Look what people have to say about Larry Mahnken's commentary!
"Larry, can you be any more of a Yankee apologist?.... Just look past your Yankee myopia and try some objectivity." - Bernal Diaz
"Mr. Mahnken is enlightened." - cordially, as always,
"Wow, Larry. You've produced 25% of the comments on this thread and
said nothing meaningful. That's impressive, even for you." - Anonymous
"After reading all your postings and daily weblog...I believe you have truly become the Phil Pepe of this generation. Now this is not necessarily a good thing." - Repoz
"you blog sucks, it reeds as it was written by the queer son of mike lupica and roids clemens. i could write a better column by letting a monkey fuk a typewriter. i dont need no 181 million dollar team to write a blog fukkk the spankeees" - yan
"i think his followers have a different sexual preference than most men" - bob
"Boring and predictable." - No Guru No Method
"Are you the biggest idiot ever?" - Randal
"I'm not qualified to write for online media, let alone mainstream
media." - Larry Mahnken
This site is best viewed with a monitor.
Disclaimer: If you think this is the official website of the New York Yankees, you're an idiot. Go away.
June 29, 2003
by Larry Mahnken
I really hate Blogger. If I had the money to buy some webspace, I'd switch to something else, but I'm going to be late with my rent as it is, and this blog, while I enjoy doing it, isn't that important yet. Now, if you buy some books, maybe...
So, earlier this week, I couldn't log into Blogger to make an entry, because they were updating the software. I haven't noticed much difference yet, but it's only been a couple of days.
Last night, though, I spent two hours typing an entry. I posted...and poof! It's all gone. Gahrgh! Having to work today, I said to hell with it, left it as is, and waited until now to fix it. But I ain't retyping all that. I'll just go at the deleted topic again later this season.
Today, I worked and went to my cousin Chris's graduation party, so I didn't catch much of either game. I heard Matsui's Grand Slam on the radio, and I turned on the second game just after Giambi's Home Run, though I didn't really get to watch any of the game until the eighth. My timing is exsquisite.
One of the things I wrote last night was that it was probably a bad thing that Dan Miceli got a save last night, because it might encourage Joe Torre to use him too often in high leverage situations, and might cause them to send Jason Anderson to Columbus yet again. Miceli is an acceptable stopgap in the back of the pen, but he's not going to be a stopper, and nobody should mistake him for one.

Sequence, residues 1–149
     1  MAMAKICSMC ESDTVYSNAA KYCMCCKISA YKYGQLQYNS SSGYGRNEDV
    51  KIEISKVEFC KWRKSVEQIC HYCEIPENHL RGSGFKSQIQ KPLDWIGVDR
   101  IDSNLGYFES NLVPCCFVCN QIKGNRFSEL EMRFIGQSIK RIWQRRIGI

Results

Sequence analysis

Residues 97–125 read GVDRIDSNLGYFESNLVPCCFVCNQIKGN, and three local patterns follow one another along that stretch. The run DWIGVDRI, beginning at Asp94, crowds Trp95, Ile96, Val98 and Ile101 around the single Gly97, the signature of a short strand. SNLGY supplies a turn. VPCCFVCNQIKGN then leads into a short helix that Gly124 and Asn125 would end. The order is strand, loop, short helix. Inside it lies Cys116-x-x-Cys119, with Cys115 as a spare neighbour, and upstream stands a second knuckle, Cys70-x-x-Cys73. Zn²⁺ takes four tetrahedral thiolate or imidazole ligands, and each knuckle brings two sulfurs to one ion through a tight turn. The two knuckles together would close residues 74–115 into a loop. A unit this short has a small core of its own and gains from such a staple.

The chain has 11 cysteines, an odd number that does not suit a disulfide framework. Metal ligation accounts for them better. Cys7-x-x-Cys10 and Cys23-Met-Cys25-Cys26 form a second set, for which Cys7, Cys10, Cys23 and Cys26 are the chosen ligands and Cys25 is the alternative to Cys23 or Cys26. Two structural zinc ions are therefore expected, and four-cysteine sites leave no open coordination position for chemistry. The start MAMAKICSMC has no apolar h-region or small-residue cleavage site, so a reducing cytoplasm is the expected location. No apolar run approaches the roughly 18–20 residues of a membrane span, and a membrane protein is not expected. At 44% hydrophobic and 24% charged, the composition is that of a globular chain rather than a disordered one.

Today's game showed two things: the Yankees' future, and the reason they might waste that future. Brandon Claussen was everything that was advertised, going 6.1 innings, striking out five, walking one, and giving up only one earned run. Any calls to leave him in the majors are out of line, he's good, but he still needs time to fully recover from T.J. surgery, but it's good to know that if they need a starter again, Claussen is capable of getting the job done.
And then they went to the bullpen. I think I read a Steven King novel about the Yankees' bullpen once. They did their thing, and they had to bring Mo in for two innings.
So instead of looking at Claussen as their ace of the future, the Yankees might be preparing to send him to Texas for Ugie, or the Mets for Benitez, or the Padres for Witasick. It would have almost been better if he had gotten bombed, because then maybe nobody would want him. Keeping Claussen would be a smart move, because the guy they trade him for will likely be not worth giving him up for, and he's got the potential to be an ace in the coming years. Unfortunately, the corportate mentality of Yankees' management leads to "safe" decisions. The safe decision is to give up a prospect for a proven player, who may not have a high ceiling, but you know what you're going to get, which is more than you can say for the prospect, who might end up being nothing. The Yankees' retention of Bernie, Jeter and Pettitte was very much a result of Gene Michael's strong leadership in the mid-nineties, as he was able to keep the Yankees from trading away their top prospects for anything less than good players. In recent year's they've tended to pass up on the prospect or undervalued AAA player for the mediocre veteran (*COUGH*ZEILE*COUGH*).
The Game Chatter streak is up to six, so we'll see you tomorrow night here, and not the posted Chatter. Leiter vs. Weaver... all good things must pass away.
Okay, Weaver might get some luck this time around. Keep the faith. DIPS taketh away, DIPS giveth. --posted at 12:48 AM by Larry Mahnken / |